Fruits and vegetables are rich in vitamins, minerals, fiber, and antioxidants that improve the health of your body and lower risk of disease. Depending on the different pigments used in certain fruits or vegetables, they can be linked to higher levels of nutrients and health benefits. Because of this, it’s important to eat from the rainbow and include a variety of colored fruits and vegetables in your daily eating habits.
Brown & White
Though they aren’t as brightly colored as other fruits and vegetables, white and brown foods are still great healthy choices. Cauliflower is rich in an anticancer compound called sulforaphane. Garlic and onions contain powerful health-promoting compounds to increase immune and gut health. White and brown fruits and vegetables are also known to lower cholesterol, increase heart health, and protect the stomach.
White and brown foods include: cauliflower, mushrooms, onions, garlic, coconut, parsnips, jicama, and potatoes.
Yellow & Orange
Yellow and orange fruits and vegetables are rich in vitamin C and carotenoids, which ultimately helps promote healthy vision and cell growth. Citrus fruits are known to increase blood flow, which can help keep cold hands and feet warm, and can reduce your risk of stroke. Lutein and zeaxanthin, antioxidants found in yellow and orange foods, help prevent cataracts and can protect your eyes from damage caused by blue light emitted from phone, computer, or TV screens.
Yellow and orange foods include: pumpkins, pineapples, lemons, oranges, corn, carrots, grapefruit, mangoes, papayas, sweet potatoes, squash, cantaloupe, and peaches.
Red fruits and vegetables contain lycopene and ellagic acid, which have been studied for their cancer-fighting effects and other health benefits. Some vegetables, like beets, have been shown to affect the nitric oxide pathway, helping blood vessels dilate. Others protects against chronic diseases like heart disease and Alzheimer’s. The polyphenols and antioxidants in red fruits and vegetables may even help prevent skin cancer and offer skin protection against damaging effects from sunlight.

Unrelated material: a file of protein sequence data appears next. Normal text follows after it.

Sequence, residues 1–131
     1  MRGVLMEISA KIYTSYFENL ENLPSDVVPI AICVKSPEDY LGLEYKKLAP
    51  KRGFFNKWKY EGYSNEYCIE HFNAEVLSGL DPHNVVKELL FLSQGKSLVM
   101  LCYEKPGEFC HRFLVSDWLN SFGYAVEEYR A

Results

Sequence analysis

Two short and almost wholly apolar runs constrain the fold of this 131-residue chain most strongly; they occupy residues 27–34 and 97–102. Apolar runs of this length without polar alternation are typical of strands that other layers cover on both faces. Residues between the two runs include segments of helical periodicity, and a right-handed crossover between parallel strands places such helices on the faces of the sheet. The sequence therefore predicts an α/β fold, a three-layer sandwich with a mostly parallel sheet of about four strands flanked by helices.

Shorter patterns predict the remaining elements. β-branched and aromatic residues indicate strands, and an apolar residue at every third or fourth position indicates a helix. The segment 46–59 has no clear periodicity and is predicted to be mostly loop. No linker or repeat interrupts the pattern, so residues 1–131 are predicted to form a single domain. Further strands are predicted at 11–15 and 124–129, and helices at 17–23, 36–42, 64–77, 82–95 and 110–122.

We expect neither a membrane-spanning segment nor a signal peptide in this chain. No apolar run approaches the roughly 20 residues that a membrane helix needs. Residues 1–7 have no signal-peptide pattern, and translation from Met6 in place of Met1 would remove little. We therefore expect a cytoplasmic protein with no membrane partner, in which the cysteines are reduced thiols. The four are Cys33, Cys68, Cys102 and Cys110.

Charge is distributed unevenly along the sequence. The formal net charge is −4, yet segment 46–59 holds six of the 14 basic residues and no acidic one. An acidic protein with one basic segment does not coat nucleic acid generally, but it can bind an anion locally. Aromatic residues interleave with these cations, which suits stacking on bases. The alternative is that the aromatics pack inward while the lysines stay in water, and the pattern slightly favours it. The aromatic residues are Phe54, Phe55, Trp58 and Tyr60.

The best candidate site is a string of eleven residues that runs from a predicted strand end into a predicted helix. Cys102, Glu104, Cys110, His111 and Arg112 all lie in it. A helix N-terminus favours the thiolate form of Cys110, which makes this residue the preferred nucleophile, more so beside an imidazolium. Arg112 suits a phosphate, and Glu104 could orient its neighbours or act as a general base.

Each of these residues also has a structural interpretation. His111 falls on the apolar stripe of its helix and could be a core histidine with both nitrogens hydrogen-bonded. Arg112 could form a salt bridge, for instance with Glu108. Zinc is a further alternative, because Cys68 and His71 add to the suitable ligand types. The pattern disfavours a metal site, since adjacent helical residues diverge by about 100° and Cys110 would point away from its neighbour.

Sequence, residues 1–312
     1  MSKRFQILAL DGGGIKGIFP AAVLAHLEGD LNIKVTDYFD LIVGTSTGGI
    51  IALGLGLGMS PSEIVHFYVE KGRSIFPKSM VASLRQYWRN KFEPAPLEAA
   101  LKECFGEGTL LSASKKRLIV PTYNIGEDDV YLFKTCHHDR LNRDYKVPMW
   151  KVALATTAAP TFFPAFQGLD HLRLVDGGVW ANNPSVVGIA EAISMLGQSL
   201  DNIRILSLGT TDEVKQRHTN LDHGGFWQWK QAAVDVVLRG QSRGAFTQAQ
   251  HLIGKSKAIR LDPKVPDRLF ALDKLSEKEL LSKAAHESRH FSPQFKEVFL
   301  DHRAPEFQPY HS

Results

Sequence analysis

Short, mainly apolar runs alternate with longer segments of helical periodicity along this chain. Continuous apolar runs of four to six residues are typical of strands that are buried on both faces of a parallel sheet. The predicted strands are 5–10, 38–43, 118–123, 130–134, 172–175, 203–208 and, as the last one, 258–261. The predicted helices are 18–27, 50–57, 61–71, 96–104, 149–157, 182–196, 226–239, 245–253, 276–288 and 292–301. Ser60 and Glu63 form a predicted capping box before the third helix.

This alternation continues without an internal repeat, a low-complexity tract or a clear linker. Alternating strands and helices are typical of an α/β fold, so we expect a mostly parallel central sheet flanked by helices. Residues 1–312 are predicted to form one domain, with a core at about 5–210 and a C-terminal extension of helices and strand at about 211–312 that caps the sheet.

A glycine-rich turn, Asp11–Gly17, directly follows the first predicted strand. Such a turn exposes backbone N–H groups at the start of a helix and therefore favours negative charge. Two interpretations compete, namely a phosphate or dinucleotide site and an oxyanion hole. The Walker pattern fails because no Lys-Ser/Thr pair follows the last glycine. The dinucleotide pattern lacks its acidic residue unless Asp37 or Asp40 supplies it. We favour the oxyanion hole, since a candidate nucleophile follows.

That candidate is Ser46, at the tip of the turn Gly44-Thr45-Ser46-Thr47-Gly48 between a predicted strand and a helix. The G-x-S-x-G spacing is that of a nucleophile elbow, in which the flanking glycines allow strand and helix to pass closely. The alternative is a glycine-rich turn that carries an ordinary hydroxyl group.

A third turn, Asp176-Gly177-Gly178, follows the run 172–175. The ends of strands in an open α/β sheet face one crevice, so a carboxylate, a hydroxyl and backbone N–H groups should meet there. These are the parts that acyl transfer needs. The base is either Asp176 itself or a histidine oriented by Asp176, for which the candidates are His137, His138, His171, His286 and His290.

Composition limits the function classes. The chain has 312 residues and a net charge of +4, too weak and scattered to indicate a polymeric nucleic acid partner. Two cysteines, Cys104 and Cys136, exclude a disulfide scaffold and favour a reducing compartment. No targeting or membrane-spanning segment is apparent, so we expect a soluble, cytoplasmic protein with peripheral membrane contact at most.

Red foods include: cherries, watermelon, red peppers, apples, strawberries, pomegranates, tomatoes, beets, kidney beans, cranberries, and raspberries.
Blue & Purple
Blue and purple fruits and vegetables have been studied extensively for their anticancer and antiaging properties. They’re rich in anthocyanins, which may help reduce the risk for heart disease, cognitive decline, and type 2 diabetes, as well as support healthy weight maintenance and a normal inflammatory response. Red grapes are full of antioxidants, like resveratrol, which has been associated with increased nitric oxide production and better heart health outcomes.
Blue and purple foods include: eggplant, red grapes, red cabbage, plums, prunes, red onions, figs, raisins, radishes, blueberries, and blackberries.
Similar to Popeye, green foods help us grow big and strong, but they also have other health benefits. They’re rich in lutein, isothiocyanates, isoflavones, and vitamin K – which is essential for blood and bone health. Green fruits and vegetables improve our digestion and eyesight, and can even prevent from some illnesses, like cancer. Greens are also a highly bioavailable source of calcium and vitamin K1, which have a positive impact on bone metabolism.
Green foods include: lettuce, avocado, pears, green apples, melons, green peppers, broccoli, kale, romaine lettuce, brussels sprouts, green grapes, kiwis, asparagus, green beans, peas, zucchinis, and cucumbers.